range creates a list, so if you do range(1, 10000000) it creates a list in memory with 10000000 elements.
xrange is a generator, so it evaluates lazily.

This brings you two advantages:

  1. You can iterate longer lists without getting a MemoryError.
  2. As it resolves each number lazily, if you stop iteration early, you won’t waste time creating the whole list.
Answered By: Lucas S.

Remember, use the timeit module to test which of small snippets of code is faster!

$ python -m timeit 'for i in range(1000000):' ' pass'
10 loops, best of 3: 90.5 msec per loop
$ python -m timeit 'for i in xrange(1000000):' ' pass'
10 loops, best of 3: 51.1 msec per loop

Personally, I always use range(), unless I were dealing with really huge lists — as you can see, time-wise, for a list of a million entries, the extra overhead is only 0.04 seconds. And as Corey points out, in Python 3.0 xrange() will go away and range() will give you nice iterator behavior anyway.

Answered By: John Fouhy

When testing range against xrange in a loop (I know I should use timeit, but this was swiftly hacked up from memory using a simple list comprehension example) I found the following:

import time

for x in range(1, 10):

    t = time.time()
    [v*10 for v in range(1, 10000)]
    print "range:  %.4f" % ((time.time()-t)*100)

    t = time.time()
    [v*10 for v in xrange(1, 10000)]
    print "xrange: %.4f" % ((time.time()-t)*100)

which gives:

$python range_tests.py
range:  0.4273
xrange: 0.3733
range:  0.3881
xrange: 0.3507
range:  0.3712
xrange: 0.3565
range:  0.4031
xrange: 0.3558
range:  0.3714
xrange: 0.3520
range:  0.3834
xrange: 0.3546
range:  0.3717
xrange: 0.3511
range:  0.3745
xrange: 0.3523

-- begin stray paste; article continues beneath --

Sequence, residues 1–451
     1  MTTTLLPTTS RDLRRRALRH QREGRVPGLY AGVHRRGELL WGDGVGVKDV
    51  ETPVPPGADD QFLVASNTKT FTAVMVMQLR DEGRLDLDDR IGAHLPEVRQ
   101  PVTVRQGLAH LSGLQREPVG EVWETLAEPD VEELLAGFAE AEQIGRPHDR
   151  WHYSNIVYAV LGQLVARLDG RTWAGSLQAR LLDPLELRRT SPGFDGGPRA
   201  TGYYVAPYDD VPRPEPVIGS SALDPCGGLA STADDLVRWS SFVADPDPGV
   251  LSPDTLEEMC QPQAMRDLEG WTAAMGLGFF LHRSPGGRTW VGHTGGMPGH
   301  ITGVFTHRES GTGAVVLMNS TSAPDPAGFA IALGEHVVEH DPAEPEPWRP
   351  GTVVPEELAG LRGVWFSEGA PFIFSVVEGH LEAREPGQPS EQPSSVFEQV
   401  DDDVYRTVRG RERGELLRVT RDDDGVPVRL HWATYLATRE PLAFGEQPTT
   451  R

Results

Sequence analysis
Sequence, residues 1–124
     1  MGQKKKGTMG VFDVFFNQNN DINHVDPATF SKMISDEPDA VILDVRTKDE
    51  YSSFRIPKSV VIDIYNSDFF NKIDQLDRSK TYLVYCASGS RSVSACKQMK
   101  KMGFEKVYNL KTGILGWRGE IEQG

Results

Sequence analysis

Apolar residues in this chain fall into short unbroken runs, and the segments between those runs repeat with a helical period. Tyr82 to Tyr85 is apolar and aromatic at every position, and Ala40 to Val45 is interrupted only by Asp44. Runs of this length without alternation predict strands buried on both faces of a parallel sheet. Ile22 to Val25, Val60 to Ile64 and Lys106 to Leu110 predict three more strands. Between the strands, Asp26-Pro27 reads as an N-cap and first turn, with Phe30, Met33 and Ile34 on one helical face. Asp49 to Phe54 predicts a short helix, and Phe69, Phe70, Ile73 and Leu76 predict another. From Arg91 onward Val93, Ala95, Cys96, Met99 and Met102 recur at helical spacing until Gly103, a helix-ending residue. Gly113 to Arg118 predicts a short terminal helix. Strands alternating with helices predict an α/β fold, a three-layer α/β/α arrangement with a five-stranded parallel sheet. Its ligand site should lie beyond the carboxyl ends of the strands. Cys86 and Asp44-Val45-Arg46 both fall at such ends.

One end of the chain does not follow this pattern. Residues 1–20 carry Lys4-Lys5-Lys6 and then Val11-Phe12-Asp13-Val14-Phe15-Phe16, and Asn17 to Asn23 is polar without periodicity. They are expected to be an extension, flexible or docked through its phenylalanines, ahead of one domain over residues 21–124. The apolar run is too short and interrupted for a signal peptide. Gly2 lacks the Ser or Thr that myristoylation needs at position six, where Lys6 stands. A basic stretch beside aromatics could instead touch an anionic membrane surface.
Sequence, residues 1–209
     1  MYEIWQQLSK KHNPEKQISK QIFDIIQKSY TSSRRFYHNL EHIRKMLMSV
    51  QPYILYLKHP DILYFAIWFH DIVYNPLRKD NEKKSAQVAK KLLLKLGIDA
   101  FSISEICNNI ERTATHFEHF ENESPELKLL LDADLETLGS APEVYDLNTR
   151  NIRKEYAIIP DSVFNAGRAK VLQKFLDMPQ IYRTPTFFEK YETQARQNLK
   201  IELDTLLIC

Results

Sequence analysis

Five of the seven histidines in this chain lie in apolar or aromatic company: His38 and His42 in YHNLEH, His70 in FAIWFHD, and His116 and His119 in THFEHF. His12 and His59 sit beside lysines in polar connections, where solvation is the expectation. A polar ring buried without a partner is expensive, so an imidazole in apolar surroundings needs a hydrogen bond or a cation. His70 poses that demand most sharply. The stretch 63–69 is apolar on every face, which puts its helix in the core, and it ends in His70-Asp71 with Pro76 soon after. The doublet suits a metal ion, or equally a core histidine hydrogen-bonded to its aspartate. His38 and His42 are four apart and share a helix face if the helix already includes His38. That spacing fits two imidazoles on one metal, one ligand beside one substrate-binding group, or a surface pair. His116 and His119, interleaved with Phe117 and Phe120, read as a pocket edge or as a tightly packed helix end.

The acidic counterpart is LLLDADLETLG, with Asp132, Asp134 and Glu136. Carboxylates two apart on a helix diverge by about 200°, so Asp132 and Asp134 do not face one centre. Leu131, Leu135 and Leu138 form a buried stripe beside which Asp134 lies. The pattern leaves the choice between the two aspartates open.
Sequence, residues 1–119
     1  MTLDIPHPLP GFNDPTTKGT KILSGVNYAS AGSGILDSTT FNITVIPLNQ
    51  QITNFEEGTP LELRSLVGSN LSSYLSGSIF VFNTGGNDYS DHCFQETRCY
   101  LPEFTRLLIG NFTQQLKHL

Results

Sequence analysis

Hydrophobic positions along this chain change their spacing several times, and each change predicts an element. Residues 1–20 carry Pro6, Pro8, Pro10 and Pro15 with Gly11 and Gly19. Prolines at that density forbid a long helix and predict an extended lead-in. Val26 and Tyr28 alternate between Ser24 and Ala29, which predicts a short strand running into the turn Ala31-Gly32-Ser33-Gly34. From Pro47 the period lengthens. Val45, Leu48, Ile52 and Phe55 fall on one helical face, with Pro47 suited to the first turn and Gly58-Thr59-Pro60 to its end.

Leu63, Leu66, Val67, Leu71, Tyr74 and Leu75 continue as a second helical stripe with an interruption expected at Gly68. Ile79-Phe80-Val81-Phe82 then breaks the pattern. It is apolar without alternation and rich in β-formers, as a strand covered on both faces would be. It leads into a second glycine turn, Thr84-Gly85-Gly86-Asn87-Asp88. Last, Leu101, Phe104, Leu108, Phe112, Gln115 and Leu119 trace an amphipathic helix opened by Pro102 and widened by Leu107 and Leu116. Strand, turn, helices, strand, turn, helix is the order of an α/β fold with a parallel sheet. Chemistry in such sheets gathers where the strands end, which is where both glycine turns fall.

range:  0.3858
xrange: 0.3997 <- garbage collection?

Or, using xrange in the for loop:

range:  0.4172
xrange: 0.3701
range:  0.3840
xrange: 0.3547
range:  0.3830
xrange: 0.3862 <- garbage collection?
range:  0.4019
xrange: 0.3532
range:  0.3738
xrange: 0.3726
range:  0.3762
xrange: 0.3533
range:  0.3710
xrange: 0.3509
range:  0.3738
xrange: 0.3512
range:  0.3703
xrange: 0.3509

Is my snippet testing properly? Any comments on the slower instance of xrange? Or a better example 🙂

Answered By: Dave Everitt

On a requirement for scanning/printing of 0-N items , range and xrange works as follows.

range() – creates a new list in the memory and takes the whole 0 to N items(totally N+1) and prints them.
xrange() – creates a iterator instance that scans through the items and keeps only the current encountered item into the memory , hence utilising same amount of memory all the time.

In case the required element is somewhat at the beginning of the list only then it saves a good amount of time and memory.

Answered By: SomeDoubts

The doc clearly reads :

This function is very similar to range(), but returns an xrange object instead of a list. This is an opaque sequence type which yields the same values as the corresponding list, without actually storing them all simultaneously. The advantage of xrange() over range() is minimal (since xrange() still has to create the values when asked for them) except when a very large range is used on a memory-starved machine or when all of the range’s elements are never used (such as when the loop is usually terminated with break).

Answered By: Kishor Pawar

What?
range returns a static list at runtime.